POORE (file photo) Brian Chilson

Little Rock School District Superintendent Mike Poore has shared a letter with parents and the media about how the district will operate in the event of a teachers strike. Poore says schools will remain open, buses will run and meals will be served. You can see the full letter here.

The State Board of Education voted Oct. 10 to direct Education Secretary Johnny Key, who acts in place of an LRSD School Board, to no longer recognized the Little Rock Education Association teachers union after its contract expires Oct. 31. Teachers feel betrayed and outraged by what they see as state overreach. They’ve agreed to reductions in pay and benefits in recent years and fear the state will try to squeeze them further. They seem likely to mount a work stoppage on Nov. 4, the first day of school after the contract expires (Schools are closed to students Oct. 31 and Nov. 1 for professional development).

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From Poore’s letter:

We have been informed that the LREA may vote to take work actions following these decisions. While we are uncertain of what the LREA’s actions will be, parents need our schools to be open and we are committed to doing everything we can to avoid disruption to the learning environment, taking steps to ensure that our schools remain open in the event of a job action. All schools will be open, buses will run, and meals will be served. We will have security officers to keep your children safe and qualified substitute teachers to replace any teachers who do not report to work. The substitute teachers will have undergone and completed state-mandated background checks.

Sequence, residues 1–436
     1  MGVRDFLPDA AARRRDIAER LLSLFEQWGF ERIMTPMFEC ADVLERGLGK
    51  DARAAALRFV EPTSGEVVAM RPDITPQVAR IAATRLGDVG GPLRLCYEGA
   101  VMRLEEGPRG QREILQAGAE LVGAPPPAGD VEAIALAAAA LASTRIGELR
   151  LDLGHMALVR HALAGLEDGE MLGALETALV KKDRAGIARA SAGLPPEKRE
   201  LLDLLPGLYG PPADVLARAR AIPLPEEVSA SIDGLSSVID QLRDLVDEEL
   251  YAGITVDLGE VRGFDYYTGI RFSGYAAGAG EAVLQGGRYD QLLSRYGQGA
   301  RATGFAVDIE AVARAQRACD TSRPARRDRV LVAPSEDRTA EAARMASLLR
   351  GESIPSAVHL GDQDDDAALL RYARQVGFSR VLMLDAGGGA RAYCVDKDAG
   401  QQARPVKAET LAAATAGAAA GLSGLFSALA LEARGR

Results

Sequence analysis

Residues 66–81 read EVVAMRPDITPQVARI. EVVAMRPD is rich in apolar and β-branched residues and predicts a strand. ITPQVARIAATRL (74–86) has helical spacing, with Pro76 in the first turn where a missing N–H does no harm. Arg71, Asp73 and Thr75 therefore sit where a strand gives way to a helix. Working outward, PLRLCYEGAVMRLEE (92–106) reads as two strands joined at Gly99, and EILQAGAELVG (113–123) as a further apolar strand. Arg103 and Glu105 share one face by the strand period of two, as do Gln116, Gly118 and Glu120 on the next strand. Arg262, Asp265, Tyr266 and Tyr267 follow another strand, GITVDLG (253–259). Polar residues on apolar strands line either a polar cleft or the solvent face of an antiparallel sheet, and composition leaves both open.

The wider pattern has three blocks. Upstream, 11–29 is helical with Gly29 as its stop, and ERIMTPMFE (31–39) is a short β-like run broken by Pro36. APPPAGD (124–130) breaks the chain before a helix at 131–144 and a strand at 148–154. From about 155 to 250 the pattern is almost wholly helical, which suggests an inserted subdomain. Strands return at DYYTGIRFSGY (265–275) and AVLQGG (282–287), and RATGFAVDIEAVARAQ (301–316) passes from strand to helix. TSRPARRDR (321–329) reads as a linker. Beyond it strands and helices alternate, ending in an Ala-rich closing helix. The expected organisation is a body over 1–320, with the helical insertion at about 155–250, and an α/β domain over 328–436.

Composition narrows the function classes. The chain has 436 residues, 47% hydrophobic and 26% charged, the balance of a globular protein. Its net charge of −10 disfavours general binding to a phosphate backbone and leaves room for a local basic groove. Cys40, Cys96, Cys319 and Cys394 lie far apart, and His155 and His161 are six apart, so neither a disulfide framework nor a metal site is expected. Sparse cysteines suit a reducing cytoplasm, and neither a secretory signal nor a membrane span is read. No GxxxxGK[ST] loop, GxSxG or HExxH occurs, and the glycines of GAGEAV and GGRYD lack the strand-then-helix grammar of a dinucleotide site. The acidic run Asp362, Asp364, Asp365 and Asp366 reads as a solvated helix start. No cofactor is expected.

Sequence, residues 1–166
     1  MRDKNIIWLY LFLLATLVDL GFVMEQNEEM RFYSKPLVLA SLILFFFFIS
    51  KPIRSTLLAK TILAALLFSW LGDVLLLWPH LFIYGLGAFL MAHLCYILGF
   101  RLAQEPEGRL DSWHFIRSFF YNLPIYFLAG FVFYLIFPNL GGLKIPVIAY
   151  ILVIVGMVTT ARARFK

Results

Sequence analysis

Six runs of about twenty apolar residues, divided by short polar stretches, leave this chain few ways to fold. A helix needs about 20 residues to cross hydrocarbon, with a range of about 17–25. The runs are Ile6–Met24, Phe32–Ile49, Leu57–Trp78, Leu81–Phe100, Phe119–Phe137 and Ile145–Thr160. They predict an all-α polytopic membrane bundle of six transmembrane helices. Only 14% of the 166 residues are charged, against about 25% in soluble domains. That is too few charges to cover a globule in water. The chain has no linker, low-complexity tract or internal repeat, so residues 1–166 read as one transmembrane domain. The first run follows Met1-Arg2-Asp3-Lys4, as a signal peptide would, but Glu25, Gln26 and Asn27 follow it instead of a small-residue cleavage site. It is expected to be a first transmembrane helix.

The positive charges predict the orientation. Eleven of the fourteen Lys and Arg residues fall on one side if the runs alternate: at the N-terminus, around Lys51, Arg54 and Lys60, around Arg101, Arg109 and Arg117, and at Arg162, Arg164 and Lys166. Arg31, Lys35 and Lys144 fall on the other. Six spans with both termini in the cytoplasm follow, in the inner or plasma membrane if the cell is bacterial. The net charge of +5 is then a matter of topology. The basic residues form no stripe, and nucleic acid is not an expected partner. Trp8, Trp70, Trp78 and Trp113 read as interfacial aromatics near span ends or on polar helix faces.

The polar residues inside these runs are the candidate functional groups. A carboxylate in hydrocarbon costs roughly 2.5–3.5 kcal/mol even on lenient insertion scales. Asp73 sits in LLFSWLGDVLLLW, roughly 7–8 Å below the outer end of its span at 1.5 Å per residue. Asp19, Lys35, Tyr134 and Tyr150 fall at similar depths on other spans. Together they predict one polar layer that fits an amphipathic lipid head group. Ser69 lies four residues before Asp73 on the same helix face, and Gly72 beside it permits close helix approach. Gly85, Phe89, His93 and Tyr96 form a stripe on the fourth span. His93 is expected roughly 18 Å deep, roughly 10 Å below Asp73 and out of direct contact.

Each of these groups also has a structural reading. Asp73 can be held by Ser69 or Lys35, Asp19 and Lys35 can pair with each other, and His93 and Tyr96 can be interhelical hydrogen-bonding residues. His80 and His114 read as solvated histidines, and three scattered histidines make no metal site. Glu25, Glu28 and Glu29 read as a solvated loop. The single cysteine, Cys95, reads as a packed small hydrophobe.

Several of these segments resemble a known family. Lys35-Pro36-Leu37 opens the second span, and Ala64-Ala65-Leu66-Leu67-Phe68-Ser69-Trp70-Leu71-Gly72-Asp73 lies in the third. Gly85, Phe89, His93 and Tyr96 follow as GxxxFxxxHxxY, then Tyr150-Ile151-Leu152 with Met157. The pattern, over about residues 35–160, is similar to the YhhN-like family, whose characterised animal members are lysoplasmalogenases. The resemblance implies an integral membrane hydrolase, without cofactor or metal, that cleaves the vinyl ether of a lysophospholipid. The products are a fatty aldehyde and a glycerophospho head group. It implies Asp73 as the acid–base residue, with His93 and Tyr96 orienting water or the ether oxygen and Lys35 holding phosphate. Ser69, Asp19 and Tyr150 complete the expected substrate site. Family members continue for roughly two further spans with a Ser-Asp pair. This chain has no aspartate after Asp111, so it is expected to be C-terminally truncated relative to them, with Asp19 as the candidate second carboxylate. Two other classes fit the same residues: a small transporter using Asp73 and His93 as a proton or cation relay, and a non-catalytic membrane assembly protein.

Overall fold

We believe having students in school is the best place for them. If we were to close schools, we would have to extend the school year. Additionally, we are required to take attendance each day, so parents must continue to report absences. This year, we have made significant strides to take learning to the next level for our students, with enhanced literacy efforts, new partnerships between the business community and our middle schools – including a $5.4 million technology investment by Verizon, and introduction of the Ford Next Generation Learning project. We want to continue to build on those successes together.

Poore and other administrators are not part of the LREA and are required by the state to try to keep schools opened. But that will be near impossible. Even with recent state approval to pay subs $180 per day (standard rates range from $70-$90 per day), the LRSD will be hard pressed to find enough subs to replace the district’s 1,600 teachers. Many of the subs are likely to feel allegiance to teachers. And many parents in the district may be inclined to keep their children out of school in solidarity with teachers.

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Meanwhile, the LREA and community partners have been working to ensure safe spaces for children to go in the event of a strike. OneLRSD.org will have details of those arrangements once they’re finalized.

UPDATE: The LREA issued a statement today about its issues and its desires to also look after children

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